Let’s assume the optimistic forecast by special U.S. envoy George Mitchell comes true and in two years the establishment of an independent Palestine is declared at a ceremony. The event will be broadcast on prime time, but most Israelis will opt to view “Big Brother 6,” “Survivor 7” or whatever the next television hit is. Viewers will behave this way not because they oppose a Palestinian state but because they are indifferent. Palestine-shmalestine simply does not interest them.
Most Israelis today are cut off from the conflict with the Palestinians and do not interact with them. From their point of view, the Palestinians are blurry figures during TV newscasts: Mahmoud Abbas and Ismail Haniyeh speak, women covered from head to toe mourn in a tent, men run with a stretcher after an ambulance, men concealing their faces fire Qassam rockets. Israelis have no interest in knowing anything further. Nablus and Ramallah are about 40 minutes by car from Tel Aviv, but in the eyes of Tel Avivians they are on a different planet. New York, London and Thailand are much closer.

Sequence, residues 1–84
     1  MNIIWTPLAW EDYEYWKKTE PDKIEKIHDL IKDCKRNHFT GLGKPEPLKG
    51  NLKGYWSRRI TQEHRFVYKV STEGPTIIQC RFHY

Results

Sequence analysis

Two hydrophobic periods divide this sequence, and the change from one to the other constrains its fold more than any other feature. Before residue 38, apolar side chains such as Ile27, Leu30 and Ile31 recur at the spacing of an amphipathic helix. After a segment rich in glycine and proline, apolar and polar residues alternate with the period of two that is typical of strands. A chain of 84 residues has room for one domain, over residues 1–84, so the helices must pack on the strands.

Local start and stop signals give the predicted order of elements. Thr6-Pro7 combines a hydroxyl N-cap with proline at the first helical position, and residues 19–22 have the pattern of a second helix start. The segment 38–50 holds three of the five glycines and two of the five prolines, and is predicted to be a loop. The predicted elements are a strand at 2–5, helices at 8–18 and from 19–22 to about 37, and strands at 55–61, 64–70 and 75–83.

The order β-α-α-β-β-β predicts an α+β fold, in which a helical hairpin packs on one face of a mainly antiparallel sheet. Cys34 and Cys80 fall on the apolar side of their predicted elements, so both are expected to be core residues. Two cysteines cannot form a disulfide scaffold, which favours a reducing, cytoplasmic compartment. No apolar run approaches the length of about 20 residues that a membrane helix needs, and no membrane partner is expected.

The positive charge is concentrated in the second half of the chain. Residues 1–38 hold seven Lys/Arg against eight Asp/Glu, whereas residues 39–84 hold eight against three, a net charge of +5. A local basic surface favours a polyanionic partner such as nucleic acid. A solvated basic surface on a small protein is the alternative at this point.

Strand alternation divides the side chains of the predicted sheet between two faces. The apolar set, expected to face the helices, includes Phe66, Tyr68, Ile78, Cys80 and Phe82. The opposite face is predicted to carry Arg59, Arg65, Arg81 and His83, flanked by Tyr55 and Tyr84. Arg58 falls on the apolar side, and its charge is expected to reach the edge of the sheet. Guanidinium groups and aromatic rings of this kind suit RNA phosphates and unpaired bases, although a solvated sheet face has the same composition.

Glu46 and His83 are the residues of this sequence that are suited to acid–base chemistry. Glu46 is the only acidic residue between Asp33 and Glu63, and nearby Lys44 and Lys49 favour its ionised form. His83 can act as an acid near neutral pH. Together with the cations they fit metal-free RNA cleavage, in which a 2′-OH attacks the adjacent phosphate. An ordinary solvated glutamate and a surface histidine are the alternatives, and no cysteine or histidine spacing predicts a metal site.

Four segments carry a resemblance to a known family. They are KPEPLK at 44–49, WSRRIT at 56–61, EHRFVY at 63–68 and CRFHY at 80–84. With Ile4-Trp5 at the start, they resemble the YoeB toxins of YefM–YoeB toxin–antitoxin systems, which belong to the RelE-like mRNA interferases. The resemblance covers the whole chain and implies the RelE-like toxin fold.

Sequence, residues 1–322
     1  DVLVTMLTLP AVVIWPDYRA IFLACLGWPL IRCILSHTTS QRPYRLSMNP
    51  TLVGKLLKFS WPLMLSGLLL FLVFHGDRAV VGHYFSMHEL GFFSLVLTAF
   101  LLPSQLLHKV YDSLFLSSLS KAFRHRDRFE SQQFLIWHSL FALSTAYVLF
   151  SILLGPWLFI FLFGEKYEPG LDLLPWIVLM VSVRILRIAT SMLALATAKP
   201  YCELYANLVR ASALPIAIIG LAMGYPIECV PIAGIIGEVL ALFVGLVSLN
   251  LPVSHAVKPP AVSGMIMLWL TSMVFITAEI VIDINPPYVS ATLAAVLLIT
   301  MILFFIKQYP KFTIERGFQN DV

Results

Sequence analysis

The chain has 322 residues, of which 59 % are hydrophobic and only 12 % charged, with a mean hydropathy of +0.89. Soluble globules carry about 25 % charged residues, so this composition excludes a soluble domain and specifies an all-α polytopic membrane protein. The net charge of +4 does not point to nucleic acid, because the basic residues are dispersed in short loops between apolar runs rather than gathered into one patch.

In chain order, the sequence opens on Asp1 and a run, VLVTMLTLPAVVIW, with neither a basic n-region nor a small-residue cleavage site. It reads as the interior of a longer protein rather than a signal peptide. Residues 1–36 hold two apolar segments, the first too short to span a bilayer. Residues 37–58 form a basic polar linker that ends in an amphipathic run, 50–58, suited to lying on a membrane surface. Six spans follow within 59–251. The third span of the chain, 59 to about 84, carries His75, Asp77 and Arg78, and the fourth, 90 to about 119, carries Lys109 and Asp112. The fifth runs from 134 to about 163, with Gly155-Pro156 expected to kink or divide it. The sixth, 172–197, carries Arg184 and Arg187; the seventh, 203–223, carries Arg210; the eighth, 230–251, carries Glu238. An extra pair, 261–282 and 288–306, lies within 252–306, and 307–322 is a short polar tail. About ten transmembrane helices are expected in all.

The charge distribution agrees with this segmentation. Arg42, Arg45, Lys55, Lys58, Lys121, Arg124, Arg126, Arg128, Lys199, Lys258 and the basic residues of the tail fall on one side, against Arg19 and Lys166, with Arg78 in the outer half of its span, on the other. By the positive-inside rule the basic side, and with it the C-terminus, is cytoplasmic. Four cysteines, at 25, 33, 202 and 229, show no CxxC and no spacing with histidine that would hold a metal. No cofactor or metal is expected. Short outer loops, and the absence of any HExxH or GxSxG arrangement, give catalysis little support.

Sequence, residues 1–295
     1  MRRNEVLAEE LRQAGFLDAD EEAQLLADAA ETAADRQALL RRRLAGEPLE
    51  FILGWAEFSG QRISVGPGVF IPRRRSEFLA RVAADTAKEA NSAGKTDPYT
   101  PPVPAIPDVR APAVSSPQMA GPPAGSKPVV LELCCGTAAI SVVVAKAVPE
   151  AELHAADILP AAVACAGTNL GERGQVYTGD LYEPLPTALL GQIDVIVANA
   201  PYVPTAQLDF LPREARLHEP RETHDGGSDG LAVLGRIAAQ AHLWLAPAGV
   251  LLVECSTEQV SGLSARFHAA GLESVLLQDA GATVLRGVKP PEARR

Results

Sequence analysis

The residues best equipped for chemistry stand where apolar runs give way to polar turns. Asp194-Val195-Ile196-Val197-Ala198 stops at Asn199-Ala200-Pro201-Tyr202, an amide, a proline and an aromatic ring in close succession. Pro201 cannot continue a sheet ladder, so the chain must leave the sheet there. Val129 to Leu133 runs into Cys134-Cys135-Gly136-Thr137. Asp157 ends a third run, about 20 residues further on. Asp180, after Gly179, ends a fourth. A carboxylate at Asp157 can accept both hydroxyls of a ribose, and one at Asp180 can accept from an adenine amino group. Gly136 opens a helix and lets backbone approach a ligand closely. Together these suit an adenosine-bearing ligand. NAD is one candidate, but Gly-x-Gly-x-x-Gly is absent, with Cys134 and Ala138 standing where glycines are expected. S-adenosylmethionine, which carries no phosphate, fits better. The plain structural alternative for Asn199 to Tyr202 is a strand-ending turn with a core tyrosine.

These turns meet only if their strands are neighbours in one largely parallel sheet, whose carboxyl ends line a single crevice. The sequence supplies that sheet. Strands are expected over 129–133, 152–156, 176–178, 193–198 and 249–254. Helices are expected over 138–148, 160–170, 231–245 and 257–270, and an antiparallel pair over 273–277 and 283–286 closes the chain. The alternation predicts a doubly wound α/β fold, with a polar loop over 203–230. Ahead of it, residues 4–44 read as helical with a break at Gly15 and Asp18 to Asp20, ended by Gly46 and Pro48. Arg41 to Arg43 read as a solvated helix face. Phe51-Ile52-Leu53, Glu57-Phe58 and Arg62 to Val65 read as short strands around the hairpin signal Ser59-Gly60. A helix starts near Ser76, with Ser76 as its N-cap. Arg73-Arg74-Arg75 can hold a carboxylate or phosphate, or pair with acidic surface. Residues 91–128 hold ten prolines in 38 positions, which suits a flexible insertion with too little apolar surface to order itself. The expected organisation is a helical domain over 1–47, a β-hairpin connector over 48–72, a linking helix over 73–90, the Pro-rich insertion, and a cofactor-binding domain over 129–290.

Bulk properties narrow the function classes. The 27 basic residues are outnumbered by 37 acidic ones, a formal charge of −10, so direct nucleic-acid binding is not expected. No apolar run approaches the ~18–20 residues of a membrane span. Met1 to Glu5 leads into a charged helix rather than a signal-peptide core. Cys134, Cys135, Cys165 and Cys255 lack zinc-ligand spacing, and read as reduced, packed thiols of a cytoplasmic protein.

The settlers beyond the separation fence are the only Israelis who see Palestinians, mostly through car windows on the roads they share. The settlers, like the Palestinians, are disconnected from the residents of the Tel Aviv region, Haifa or Be’er Sheva, who hardly ever cross the fence. They have no business in Elon Moreh, Yitzhar or Psagot. The big settlements like Ma’aleh Adumim and Ariel can be reached almost without having to see Palestinians. [continued…]